If you want to be the most popular person in the room during your family’s holiday gift exchange, here’s a secret: Shop at Atlanta’s many museum gift shops packed with merchandise you won’t find elsewhere.
On sale at the High Museum of Art gift shop are two solid brass ornaments made exclusively for works showcased in the exhibit, “Habsburg Splendor: Masterpieces from Vienna’s Imperial Collection,” on exhibit through Jan. 17, 2016. One depicts the prince’s dress carriage; the other the campaign uniform of Emperor Franz Joseph. In conjunction with the exhibit, “Seriously Silly! The Art & Whimsy of Mo Willems,” running through Jan. 10, 2016, the High gift shop carries several of Willems’ beloved books including, of course, “Don’t Let the Pigeon Drive the Bus!” Someone on your gift list might like to warm their toes with socks inspired by one of these famous paintings: “Mona Lisa,” “Starry Night” or “The Scream.” And for that person who loves everything about the High, consider a box of High Museum of Art Architecture note cards.
Stop in the gift shop at Fernbank Museum of Natural History to find a pair of (real) oak leaf earrings that have been dipped in iridescent copper. Got a weather bug in your family? He or she might love a Galileo thermometer. Invented by Galileo Galilei four centuries ago, these thermometers are cylinders filled with colorful spheres that float. They measure the correct temperature based on a scientific principal: the lowest floating sphere in the upper part of the cylinder tells the temperature. A useful set of elemental blocks present the entire periodic table of elements on 20 hand-crafted wood cubes. The Mineral Discovery Kit helps kids learn how to identify minerals and start their own collection. The Mommy & Baby T-Rex Push Toy actually is two toys in one. Baby T-rex is nested into his mommy like a puzzle. Take them apart and you have two push toys.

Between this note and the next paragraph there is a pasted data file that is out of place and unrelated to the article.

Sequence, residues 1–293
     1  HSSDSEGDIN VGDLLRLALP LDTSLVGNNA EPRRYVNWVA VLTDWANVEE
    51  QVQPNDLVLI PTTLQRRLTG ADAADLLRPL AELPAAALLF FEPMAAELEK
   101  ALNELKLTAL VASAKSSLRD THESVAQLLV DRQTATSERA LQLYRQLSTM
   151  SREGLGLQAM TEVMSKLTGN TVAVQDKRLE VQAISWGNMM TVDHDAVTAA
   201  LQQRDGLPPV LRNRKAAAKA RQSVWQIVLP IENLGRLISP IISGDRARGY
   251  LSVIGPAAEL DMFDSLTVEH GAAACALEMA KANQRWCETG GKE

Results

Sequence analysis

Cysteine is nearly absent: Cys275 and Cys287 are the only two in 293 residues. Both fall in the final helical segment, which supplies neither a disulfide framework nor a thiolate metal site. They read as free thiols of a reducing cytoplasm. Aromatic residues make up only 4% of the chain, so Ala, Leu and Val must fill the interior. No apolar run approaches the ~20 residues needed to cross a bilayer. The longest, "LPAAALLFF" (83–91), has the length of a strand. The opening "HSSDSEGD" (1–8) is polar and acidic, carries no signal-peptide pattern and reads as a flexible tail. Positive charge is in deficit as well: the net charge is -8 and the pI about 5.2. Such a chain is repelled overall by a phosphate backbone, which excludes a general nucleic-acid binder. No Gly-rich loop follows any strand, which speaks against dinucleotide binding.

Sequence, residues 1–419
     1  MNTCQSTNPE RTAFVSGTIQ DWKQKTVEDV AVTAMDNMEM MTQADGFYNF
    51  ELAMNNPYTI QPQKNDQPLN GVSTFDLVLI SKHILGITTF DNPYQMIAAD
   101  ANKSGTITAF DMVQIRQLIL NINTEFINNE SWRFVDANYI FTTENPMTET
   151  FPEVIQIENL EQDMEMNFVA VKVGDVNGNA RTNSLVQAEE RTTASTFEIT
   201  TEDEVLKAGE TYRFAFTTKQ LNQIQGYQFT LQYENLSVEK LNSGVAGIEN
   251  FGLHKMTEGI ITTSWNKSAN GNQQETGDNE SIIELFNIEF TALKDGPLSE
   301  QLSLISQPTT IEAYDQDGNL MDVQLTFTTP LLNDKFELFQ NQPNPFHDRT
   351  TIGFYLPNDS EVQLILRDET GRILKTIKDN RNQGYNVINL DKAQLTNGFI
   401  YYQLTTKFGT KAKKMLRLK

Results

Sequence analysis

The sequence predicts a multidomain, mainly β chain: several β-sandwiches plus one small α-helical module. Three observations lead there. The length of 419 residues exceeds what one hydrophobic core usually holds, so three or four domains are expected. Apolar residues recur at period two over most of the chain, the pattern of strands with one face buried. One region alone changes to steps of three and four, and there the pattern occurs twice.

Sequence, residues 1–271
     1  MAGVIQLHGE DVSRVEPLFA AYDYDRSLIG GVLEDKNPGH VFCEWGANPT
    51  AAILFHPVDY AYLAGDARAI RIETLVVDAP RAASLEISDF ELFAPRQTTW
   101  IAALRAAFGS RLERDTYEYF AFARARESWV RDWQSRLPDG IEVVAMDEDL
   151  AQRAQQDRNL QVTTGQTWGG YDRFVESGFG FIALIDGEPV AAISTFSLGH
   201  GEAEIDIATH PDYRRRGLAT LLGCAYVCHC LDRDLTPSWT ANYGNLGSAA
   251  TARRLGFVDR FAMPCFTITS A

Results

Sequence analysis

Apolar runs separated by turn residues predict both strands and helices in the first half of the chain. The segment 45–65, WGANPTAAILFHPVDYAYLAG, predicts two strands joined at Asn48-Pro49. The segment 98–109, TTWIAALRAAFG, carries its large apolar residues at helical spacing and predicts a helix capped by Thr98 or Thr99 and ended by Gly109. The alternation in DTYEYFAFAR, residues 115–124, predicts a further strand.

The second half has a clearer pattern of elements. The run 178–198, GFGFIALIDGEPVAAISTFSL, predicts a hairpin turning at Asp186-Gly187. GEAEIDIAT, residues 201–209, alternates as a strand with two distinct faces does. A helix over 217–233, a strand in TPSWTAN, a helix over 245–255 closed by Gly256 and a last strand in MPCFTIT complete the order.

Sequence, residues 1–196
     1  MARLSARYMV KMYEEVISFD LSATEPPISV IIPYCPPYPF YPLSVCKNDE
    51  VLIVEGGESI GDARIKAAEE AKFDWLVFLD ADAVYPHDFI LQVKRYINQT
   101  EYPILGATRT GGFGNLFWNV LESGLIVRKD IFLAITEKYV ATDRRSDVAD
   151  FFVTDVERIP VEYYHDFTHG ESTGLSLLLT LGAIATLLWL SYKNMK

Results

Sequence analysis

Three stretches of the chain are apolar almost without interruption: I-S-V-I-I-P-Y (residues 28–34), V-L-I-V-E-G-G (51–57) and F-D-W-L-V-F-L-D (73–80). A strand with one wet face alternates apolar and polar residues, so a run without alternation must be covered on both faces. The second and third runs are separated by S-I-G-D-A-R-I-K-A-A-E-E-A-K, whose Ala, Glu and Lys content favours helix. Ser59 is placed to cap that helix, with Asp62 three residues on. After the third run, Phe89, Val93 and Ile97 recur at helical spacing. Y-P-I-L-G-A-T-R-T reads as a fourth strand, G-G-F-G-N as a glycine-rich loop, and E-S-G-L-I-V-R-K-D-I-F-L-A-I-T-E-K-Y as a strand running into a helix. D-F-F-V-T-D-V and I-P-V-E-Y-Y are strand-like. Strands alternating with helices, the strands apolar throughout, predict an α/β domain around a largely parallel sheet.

In the gift shop at the Jimmy Carter Presidential Library and Museum you can purchase dessert plates that depict flowers of the first ladies, a Barbara Bush pearl necklace (affordable), an Edith Wilson fan pin (fan as in a device for cooling off not screaming people in the bleachers) and Mary Dodd Lincoln earrings. For the future president on your list, consider the Air Force One play set. To please your favorite political junkie, pick up a pin from the Carter-Mondale campaign.
Politics not your thing? Could it be that Coca-Cola memorabilia makes you want to teach the world -- or your family -- to sing holiday songs in perfect harmony? The gift shop at the World of Coca-Cola practically fizzes with shelf upon shelf and rack upon rack of Coca-Cola themed tchotchkies. There are die-cast cars, retro tins, key chains, magnets, pet accessories, clocks, thermometers, hats. Everywhere you turn, there is yet another “must-have” item.
You have every right to feel righteous while shopping in the gift shop at the Georgia Aquarium because a portion of the proceeds goes toward research, education programs and conservation efforts. Choose a plush penguin or whale shark as reminders of some of the best-loved swimmers in the aquarium. Select an articulated seahorse ornament or a women’s “I’m Crabby” tank top. For the sea creature-loving child on your list, consider a big glow octopus t-shirt.
The Garden Gift Shop at Atlanta Botanical Garden features plenty of botanical-themed merchandise. Find jewelry from artists from all over the United States including a necklace made from blown glass beads created by Melissa Schmidt as well as functional bird houses made by an Atlanta design team.
Really great news is that you may visit all of these gift shops in Atlanta without having to buy admission to the museums. Even better, at the Atlanta Botanical Garden, there is no charge for the first half-hour of parking. At Georgia Aquarium, ask for assistance from security to visit the gift shop. To shop at the World of Coca-Cola store, enter through the doors in Pemberton Place located to left of the main entrance.
And remember, there are still other Atlanta museums, also with gift shops, sprinkled throughout the city.
Carol Carter writes and edits for Atlanta Convention & Visitors Bureau.